Calgary, Alberta — A comprehensive review of regulatory documents filed with the Alberta government suggests most oilsands mining operations will not comply with a new provincial law designed to limit increases in tailings, the toxic liquid waste produced by oilsands mining operations.
“Two mines have proposed plans to start cleaning up the legacy of toxic tailings on the landscape,” said Simon Dyer of the Pembina Institute. “It is troubling that other companies are not willing to make the same effort and have submitted plans that appear not to meet the directive rules.”
The review conducted by the Pembina Institute and Water Matters found that only two oilsands operations reported they would meet the rules to reduce toxic tailings between 2011 and 2013 (the start date for binding rules to capture and start solidifying liquid tailings). The seven remaining operations submitted plans that will not comply with rules for reducing their production of liquid tailings by the first target date in 2011. Some companies submitted plans suggesting they may not meet the rules for tailings management for over 40 years.
Oilsands companies were required to submit tailings management plans by September 30, 2009, in accordance with the newly released Alberta Energy and Resources Conservation Board (ERCB) Directive 074: Tailings Performance Criteria and Requirements for Oilsands Mining Schemes. The ERCB released the directive because of concerns that oilsands companies were not adequately addressing the clean up of tailings waste.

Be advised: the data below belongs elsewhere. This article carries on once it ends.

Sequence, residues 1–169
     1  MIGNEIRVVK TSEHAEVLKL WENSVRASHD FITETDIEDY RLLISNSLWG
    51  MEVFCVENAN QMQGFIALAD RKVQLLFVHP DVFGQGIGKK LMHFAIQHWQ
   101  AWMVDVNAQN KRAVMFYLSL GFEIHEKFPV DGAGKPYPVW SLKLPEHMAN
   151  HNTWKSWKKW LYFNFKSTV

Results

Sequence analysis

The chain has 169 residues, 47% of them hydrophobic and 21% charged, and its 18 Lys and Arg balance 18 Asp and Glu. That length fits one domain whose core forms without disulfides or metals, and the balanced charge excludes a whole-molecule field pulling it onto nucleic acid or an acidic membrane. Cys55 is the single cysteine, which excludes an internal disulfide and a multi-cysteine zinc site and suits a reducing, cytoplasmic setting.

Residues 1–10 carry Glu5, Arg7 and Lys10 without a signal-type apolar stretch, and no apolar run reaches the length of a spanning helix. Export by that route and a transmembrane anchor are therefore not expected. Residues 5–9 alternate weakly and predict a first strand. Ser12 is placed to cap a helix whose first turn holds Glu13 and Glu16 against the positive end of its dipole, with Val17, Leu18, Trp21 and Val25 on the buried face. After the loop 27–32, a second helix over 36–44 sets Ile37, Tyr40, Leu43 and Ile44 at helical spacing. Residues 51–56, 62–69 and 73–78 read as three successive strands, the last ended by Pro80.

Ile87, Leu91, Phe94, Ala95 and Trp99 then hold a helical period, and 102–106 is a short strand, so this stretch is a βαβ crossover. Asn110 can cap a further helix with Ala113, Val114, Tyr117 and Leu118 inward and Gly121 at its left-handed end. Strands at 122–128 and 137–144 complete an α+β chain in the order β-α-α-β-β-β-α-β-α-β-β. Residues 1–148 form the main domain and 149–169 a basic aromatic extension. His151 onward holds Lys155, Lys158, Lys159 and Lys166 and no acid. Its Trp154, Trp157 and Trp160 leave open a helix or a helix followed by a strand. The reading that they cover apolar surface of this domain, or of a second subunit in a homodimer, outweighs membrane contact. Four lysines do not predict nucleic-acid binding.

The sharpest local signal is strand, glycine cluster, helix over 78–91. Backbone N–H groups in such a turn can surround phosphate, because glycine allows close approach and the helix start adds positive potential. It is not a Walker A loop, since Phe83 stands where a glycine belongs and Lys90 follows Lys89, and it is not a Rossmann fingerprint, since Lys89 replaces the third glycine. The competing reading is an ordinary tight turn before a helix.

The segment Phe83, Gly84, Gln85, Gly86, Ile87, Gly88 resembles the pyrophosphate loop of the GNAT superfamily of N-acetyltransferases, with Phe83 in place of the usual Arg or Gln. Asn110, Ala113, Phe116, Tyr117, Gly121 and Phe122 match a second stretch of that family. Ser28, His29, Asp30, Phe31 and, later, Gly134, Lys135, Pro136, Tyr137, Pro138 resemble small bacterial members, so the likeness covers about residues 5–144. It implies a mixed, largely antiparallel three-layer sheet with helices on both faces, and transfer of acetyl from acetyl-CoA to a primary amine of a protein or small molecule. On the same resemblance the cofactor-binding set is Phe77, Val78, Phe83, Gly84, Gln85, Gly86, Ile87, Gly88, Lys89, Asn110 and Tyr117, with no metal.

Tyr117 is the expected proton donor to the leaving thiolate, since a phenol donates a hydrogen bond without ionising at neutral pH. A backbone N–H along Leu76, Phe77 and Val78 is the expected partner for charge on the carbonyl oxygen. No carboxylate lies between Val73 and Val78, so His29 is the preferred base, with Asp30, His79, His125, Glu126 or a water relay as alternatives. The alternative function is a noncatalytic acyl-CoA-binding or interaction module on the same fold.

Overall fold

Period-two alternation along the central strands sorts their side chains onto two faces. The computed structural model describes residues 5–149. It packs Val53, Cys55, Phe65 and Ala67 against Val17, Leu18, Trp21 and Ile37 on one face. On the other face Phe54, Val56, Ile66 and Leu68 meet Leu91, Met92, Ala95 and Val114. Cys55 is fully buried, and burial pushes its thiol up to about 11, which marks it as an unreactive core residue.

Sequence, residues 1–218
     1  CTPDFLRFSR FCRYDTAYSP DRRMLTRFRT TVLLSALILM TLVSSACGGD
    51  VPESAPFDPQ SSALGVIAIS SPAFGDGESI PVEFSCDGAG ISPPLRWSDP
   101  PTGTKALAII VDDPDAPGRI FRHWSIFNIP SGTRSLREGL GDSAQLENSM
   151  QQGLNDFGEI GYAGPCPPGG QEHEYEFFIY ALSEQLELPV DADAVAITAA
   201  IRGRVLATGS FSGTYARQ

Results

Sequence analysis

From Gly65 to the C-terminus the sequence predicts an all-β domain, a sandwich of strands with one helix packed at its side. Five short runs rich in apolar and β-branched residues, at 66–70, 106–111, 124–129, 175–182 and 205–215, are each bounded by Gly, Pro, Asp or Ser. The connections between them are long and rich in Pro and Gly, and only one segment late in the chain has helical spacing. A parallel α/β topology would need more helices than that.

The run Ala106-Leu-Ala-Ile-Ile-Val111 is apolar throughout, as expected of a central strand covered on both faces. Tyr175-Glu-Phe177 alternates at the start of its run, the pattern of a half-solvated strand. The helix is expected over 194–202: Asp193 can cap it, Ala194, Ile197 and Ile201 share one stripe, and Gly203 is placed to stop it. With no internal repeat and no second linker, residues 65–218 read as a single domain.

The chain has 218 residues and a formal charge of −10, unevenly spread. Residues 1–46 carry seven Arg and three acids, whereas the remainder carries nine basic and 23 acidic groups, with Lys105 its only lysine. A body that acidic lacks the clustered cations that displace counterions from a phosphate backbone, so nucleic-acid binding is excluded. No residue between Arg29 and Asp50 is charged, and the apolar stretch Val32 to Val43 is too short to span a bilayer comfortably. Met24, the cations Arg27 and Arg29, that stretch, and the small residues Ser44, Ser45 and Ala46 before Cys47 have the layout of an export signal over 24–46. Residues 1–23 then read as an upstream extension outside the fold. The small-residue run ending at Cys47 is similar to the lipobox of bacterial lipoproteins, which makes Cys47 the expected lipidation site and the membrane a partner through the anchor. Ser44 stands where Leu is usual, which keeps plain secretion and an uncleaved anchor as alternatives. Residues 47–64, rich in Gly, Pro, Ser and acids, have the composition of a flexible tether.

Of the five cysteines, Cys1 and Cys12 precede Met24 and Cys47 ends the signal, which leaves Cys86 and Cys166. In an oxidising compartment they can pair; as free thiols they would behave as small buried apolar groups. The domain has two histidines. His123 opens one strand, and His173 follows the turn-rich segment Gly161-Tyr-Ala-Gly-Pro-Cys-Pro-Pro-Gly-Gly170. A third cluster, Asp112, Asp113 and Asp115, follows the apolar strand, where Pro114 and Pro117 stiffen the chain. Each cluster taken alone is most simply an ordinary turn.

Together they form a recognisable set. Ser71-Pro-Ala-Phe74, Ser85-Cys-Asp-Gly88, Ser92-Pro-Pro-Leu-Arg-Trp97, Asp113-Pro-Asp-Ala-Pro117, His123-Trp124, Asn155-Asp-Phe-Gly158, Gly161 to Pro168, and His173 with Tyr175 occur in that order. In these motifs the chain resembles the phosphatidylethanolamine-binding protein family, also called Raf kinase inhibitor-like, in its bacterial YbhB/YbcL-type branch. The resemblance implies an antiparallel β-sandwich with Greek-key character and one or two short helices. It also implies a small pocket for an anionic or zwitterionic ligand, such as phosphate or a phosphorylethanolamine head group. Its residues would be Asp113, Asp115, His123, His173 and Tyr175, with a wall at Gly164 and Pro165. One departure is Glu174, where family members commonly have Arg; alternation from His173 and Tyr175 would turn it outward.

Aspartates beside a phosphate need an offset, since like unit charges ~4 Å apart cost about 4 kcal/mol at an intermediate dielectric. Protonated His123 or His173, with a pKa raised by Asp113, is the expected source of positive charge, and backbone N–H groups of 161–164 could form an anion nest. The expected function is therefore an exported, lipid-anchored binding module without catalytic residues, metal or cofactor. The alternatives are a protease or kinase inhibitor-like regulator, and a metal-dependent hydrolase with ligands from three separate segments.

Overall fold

“It is essential that the ERCB rigorously enforce Directive 074 to achieve the kind of environmental performance expected by Albertans, and promised by the ERCB,” said Dyer.
As a result of the non-compliant plans submitted by oilsands companies, the cumulative amount of liquid tailings being stored on the landscape north of Fort McMurray is set to increase by about 30 per cent between 2010 and 2020. It will reach a staggering 1.1 billion cubic metres of liquid tailings over the decade. During the same period, the area of the structures containing these liquid tailings are projected to nearly double to 250 square kilometres from the current area of 130 square kilometres.
“We are confident that the ERCB will reject those plans that are not compliant with the requirements of the directive and will use the full range of enforcement tools to ensure this important step in tailings management is upheld,” said Joe Obad of Water Matters. “Enforcement tools available to the ERCB include halting oilsands expansions and suspending operations at oilsands mines until compliance is achieved.”
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